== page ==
The U.K. Graduate Student’s Guide to Interpreting Feedback from American Faculty — Kieran Healy (Duke), via Leiter.
Category Archives: Communications
I have somewhat mixed feelings about Internet Blackout Day. Much as I sympathize with the motives, I have never much liked campaigns that try to take the oppressor’s symbols (pink triangles, yellow stars, what have you) and turn them around into pride symbols. The origins stick.
Similarly, I get the idea of fighting censorship with quiet. See what censorship will get you? But I still don’t like it. So I’ve run a compromise, with an overlay on this site that you can click through.
The cause is serious. Congress is contemplating two very dangerous Internet blacklist bills: SOPA (in the House) and PIPA (in the Senate). SOPA has been shelved, perhaps only temporarily, but PIPA is still alive and kicking.
The “Stop Online Piracy Act”/”E-PARASITE Act” (SOPA) and “The PROTECT IP Act” (PIPA) are the latest in a series of bills which would create a procedure for creating (and censoring) a blacklist of websites. These bills are updated versions of the “Combating Online Infringements and Counterfeits Act” (COICA), which was previously blocked in the Senate. Although the bills are ostensibly aimed at reaching foreign websites dedicated to providing illegal content, their provisions would allow for removal of enormous amounts of non-infringing content including political and other speech from the Web.
The various bills define different techniques for blocking “blacklisted” sites. Each would interfere with the Internet’s domain name system (DNS), which translates names like “www.eff.org” or “www.nytimes.com” into the IP addresses that computers use to communicate. SOPA would also allow rightsholders to force payment processors to cut off payments and advertising networks to cut ties with a site simply by sending a notice.
These bills are targeted at “rogue” websites that allow indiscriminate piracy, but use vague definitions that could include hosting websites such as Dropbox, MediaFire, and Rapidshare; sites that discuss piracy such as pirate-party.us, p2pnet, Torrent Freak, torproject.org, and ZeroPaid; as well as a broad range of sites for user-generated content, such as SoundCloud, Etsy, and Deviant Art. Had these bills been passed five or ten years ago, even YouTube might not exist today — in other words, the collateral damage from this legislation would be enormous.
There are already laws and procedures in place for taking down sites that violate the law. These acts would allow the Attorney General, and even individuals, to create a blacklist to censor sites when no court has found that they have infringed copyright or any other law.
See also EFF’s blacklist site. PIPA is scheduled for a vote in the Senate next Tuesday, so if you are a US citizen this is a good time to call your Senators and tell them to oppose the bills.
EFF, to celebrate its 15th anniversary [EFF15], is asking folks this week to blog about their their “click moments” — as they put it, “the very first step you to took to stand up for your digital rights.” This is a hard question to answer for me. I've done a variety of things over the years that count as online activism, but it's difficult, thinking about it, to separate that stuff from my day job. After all, I'm an academic. I get paid to sit around and figure out what I think is correct and say so. It's my job to speak truth to power (and anyone else).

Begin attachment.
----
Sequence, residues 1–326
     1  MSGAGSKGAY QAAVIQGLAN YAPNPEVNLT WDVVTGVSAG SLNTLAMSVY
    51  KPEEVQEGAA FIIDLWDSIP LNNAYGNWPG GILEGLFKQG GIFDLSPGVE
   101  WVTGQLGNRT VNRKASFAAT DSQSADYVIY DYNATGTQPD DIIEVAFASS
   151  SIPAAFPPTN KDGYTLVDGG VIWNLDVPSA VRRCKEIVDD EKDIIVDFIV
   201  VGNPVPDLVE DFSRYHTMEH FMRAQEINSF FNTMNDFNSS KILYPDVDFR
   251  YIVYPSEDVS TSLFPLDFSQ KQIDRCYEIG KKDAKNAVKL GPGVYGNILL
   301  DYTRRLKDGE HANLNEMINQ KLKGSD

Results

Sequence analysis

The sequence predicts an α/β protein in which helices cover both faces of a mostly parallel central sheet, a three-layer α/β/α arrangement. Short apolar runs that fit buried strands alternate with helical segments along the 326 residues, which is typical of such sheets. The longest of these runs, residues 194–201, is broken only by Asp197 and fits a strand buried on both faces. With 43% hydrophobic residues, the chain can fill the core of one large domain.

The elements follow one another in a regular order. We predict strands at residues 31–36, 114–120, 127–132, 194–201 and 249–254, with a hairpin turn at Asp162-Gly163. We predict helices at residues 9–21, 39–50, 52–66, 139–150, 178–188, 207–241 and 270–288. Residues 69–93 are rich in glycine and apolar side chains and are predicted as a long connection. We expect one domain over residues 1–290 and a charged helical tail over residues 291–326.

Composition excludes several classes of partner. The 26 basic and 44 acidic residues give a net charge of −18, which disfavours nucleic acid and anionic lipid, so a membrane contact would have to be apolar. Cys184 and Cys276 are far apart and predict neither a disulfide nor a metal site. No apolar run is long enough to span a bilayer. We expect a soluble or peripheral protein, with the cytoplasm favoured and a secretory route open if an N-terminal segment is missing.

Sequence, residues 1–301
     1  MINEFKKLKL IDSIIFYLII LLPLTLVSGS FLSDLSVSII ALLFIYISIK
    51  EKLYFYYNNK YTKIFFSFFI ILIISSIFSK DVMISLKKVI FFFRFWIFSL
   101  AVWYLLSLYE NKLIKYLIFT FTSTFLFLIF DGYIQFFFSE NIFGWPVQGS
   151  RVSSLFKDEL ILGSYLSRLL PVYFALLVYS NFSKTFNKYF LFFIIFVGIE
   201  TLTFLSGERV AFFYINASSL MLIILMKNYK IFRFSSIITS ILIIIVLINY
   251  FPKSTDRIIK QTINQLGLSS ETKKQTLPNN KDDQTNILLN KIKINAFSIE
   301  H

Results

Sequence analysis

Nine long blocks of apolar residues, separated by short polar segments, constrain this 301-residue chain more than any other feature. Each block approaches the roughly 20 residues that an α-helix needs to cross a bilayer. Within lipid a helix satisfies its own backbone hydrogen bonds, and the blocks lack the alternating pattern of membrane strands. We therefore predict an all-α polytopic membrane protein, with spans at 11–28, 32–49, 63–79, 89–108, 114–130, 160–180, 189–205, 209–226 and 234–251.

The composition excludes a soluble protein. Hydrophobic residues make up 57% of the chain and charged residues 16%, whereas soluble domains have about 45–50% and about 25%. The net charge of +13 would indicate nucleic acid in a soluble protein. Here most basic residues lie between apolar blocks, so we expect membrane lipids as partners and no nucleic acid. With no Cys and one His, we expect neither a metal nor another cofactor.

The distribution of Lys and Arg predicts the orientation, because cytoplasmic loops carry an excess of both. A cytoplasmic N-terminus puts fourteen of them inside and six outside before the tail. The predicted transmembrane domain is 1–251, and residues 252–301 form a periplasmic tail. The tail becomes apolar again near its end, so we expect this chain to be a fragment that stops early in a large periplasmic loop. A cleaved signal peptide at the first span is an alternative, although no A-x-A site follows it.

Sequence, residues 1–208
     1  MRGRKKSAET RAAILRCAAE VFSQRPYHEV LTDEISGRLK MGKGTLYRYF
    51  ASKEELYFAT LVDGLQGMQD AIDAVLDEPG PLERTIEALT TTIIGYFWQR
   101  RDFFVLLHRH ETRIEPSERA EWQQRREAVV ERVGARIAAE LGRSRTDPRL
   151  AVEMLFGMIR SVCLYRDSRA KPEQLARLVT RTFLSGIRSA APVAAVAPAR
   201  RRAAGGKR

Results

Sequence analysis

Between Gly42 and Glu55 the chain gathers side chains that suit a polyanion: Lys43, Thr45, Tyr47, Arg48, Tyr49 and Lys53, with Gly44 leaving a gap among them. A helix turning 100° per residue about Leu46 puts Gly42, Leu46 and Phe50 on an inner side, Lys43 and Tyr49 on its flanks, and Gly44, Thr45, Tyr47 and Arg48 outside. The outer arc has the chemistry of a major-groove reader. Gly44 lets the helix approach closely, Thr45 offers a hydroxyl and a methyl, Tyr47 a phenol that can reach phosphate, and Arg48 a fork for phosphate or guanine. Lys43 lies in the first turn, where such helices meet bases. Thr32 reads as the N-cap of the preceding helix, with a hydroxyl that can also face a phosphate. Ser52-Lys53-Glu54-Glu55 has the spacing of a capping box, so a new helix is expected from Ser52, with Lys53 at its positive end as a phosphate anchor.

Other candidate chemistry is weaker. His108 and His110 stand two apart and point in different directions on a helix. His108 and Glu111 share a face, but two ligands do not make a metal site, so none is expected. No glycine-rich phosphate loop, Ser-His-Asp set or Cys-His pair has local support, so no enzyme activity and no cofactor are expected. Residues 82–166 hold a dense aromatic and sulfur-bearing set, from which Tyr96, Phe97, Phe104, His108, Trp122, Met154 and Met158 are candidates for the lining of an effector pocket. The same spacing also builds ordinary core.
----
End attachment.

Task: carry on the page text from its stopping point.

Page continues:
But I remember my first contact with EFF. It came in the form of the September 1991 EFFECTOR, EFF's newsletter (it was printed on dead trees at the time), and it contained this summary by Esther Dyson of EFF's basic message: “There's a new world coming. Let's make sure it has rules we can live with.” I scissored out the membership form on the back and sent it in with my $40 — and I started reading what EFF had to say.
I drew on that stuff in a column I sent out two years later to the law-professor members of the American Association of Law Schools Mass Communications Law section. Parts of it are funny reading now. One of the things I said was that while we “hear a lot about electronic home shopping … I think I'd be perfectly happy living the rest of my life without” it. Little did I know.
Some of the rest of it, though, was on target. My point was that in building the information superhighway, we needed to develop a switched network in which anybody could become a content provider — not some monopoly content provider giving you 500 channels and interactive shopping, not any one-way system with a fixed number of channels, but a two-way, switched, many-to-many communications infrastructure that looked like the Internet. A system like that, I wrote, “could transform the nature of mass communications.”
This is my last post as a guest blogger here — Michael should be coming back tomorrow. Thanks for putting up with me. I had a great time.
It's official: according to the FCC, people in this country now have more wireless telephone subscriptions (cell phones) than land-line subscriptions. As of December 2004, we had 181.1 million wireless subscriptions (up from 167.3 million six months before); we had a mere 177.9 million old-fashioned plug-into-the-wall lines (down from 180.1 million six months before).
The number of land lines, in fact, has been dropping steadily since its peak of 192.5 million in December 2000, while the number of wireless lines has been growing by 10-15% every year. Today, the two graph curves finally crossed.
It's a new world a-comin'. My eleven-year-old doesn't really grok the fact that you used to have to plug your computer into the wall to get Internet access. How twentieth-century was that?